Co-op gift funds food-based cancer research

Dec. 14, 2020 

COLUMBUS, Ohio—A $190,000 gift to the Cooperatives for the Cure Cancer Fund boosts food-based cancer research at The Ohio State University Comprehensive Cancer Center – Arthur G. James Cancer Hospital and Richard J. Solove Research Institute (OSUCCC – James), and Ohio State’s College of Food, Agricultural, and Environmental Sciences (CFAES). The fund was created with the hope of finding a common goal for agricultural cooperatives to work together on bettering their communities through the support of cancer research. 

This year’s donation brings the total donated since 2009, when the effort began, to $1.5 million. 

Supporting the fund are two campaigns, Growing the Cure and Fueling the Cure, toward which the cooperatives donate money from soybean and corn seed sales and from propane deliveries. The organizations involved in the effort are Centerra Co-op, Heritage Cooperative, Premier Energy, and Sunrise Cooperative. 

“Our farmer-owners are committed to the community and want to make a difference in people’s lives,” said Ray Etgen, director of propane operations at Heritage Cooperative. “The co-ops recognize there is a need and want to participate to make a difference. They’re very excited to work with CFAES and the James and are excited to see where it will take us in the future.”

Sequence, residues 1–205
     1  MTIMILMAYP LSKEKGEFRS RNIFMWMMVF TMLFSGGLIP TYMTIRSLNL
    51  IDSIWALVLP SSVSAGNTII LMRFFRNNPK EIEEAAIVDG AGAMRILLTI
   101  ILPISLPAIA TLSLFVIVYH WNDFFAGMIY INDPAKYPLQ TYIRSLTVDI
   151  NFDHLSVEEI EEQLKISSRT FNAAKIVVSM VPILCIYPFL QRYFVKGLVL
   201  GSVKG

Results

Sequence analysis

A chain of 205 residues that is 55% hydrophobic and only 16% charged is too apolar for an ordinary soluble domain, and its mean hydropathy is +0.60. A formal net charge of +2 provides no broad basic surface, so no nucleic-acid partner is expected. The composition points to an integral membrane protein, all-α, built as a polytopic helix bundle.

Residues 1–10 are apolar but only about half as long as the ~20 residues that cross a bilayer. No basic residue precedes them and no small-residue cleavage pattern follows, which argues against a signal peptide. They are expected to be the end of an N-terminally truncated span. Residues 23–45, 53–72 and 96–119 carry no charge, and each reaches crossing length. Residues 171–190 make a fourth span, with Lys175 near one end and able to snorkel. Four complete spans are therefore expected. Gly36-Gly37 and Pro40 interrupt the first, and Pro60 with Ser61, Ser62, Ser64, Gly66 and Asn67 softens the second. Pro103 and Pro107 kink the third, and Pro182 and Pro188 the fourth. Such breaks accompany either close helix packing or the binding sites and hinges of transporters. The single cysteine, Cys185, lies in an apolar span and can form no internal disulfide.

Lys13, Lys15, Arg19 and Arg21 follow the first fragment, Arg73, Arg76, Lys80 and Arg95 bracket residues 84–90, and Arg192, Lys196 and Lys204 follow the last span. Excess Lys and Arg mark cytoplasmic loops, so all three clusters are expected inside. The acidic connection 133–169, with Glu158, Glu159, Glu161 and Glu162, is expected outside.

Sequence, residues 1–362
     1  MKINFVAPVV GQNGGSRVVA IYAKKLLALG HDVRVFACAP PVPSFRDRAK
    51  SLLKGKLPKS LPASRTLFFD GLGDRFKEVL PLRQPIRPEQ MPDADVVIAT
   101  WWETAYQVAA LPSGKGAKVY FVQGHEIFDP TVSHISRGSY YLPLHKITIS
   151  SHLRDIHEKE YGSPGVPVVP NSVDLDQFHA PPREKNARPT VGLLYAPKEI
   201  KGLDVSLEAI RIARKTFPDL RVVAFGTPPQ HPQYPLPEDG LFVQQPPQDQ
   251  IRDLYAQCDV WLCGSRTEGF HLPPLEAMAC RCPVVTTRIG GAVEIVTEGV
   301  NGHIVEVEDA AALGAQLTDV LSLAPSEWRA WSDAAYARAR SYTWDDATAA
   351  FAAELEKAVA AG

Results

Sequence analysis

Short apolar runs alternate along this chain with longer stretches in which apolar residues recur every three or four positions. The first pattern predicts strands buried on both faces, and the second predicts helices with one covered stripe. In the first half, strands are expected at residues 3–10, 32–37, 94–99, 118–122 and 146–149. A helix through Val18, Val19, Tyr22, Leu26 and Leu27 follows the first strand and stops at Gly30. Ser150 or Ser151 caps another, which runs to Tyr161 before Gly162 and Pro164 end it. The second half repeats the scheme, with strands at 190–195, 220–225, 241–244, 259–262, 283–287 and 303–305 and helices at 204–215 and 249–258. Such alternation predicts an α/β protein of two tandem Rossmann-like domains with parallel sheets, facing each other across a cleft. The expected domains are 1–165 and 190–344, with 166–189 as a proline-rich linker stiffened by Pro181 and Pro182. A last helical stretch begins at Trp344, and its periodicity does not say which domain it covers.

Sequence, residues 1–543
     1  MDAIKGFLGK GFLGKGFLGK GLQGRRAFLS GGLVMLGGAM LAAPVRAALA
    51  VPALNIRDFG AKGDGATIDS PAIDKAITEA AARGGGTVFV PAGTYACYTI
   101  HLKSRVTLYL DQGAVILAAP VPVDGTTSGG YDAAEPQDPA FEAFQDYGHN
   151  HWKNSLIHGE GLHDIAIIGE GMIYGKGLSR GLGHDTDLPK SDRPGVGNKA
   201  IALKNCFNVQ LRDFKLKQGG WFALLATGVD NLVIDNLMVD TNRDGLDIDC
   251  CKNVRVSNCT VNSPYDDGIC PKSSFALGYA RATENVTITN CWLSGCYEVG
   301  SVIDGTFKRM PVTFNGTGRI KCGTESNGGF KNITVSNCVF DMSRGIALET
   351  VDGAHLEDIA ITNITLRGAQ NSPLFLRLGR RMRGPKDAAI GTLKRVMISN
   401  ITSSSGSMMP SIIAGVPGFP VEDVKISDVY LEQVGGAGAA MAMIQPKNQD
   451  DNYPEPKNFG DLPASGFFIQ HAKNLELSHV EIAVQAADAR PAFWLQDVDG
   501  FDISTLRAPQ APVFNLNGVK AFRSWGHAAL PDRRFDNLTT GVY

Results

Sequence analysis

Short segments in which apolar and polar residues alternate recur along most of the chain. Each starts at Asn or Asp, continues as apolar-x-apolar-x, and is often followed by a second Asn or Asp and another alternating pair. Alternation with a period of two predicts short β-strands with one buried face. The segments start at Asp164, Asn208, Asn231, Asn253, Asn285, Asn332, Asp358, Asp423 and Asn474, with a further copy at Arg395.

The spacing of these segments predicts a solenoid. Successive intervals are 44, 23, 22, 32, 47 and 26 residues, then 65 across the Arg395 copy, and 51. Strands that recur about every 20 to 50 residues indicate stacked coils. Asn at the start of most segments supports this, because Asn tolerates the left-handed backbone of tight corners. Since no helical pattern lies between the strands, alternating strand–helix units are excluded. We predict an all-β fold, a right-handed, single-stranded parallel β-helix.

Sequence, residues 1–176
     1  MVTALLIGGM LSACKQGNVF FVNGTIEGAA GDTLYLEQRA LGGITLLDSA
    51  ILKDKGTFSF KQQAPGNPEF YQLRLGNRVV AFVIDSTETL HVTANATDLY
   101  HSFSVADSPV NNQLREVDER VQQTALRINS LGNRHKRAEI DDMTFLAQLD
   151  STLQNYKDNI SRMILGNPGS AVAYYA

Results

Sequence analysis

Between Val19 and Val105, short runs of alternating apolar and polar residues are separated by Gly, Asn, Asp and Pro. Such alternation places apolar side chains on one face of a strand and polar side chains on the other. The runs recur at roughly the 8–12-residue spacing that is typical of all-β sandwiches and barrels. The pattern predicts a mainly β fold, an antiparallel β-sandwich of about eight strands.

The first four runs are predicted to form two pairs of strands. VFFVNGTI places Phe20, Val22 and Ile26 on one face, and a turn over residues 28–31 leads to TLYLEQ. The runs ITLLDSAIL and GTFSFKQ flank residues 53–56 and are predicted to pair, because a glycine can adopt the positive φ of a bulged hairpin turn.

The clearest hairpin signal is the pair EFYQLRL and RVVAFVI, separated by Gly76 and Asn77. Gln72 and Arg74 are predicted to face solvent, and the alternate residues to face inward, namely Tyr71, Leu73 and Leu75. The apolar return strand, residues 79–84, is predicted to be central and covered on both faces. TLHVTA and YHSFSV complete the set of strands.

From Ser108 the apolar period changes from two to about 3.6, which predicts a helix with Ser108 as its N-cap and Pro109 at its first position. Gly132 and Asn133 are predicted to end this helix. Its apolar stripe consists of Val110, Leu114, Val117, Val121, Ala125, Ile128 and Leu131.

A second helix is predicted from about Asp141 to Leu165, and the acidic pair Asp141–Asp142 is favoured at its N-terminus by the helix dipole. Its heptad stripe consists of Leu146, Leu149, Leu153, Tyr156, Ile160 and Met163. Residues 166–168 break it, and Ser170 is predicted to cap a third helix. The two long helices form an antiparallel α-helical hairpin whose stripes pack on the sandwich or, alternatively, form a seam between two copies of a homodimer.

The funds are earmarked for food-related cancer research and are split between OSUCCC – James and Ohio State’s Center for Advanced Functional Foods Research and Entrepreneurship (CAFFRE), which is a part of CFAES. 

Projects supported by the fund include studying how nutrient-rich lean beef can be incorporated into a healthy dietary pattern for overweight cancer survivors to improve their body weight; the impact of vitamin D on colon cancer; and the impact of diet on oral cancer. 

Having the partnership with the farmer co-ops is key, said Yael Vodovotz, CFAES professor and CAFFRE director. 

“A focus of the center is, ‘from crops to the clinic to the consumer,’ so having farmers involved is an important part of the equation,” she said. “This work involves many different people and disciplines who all play an important role in understanding functional food research and in developing a prevention or cure for some of these diseases.” 

For more information on CAFFRE, see


Tracy Turner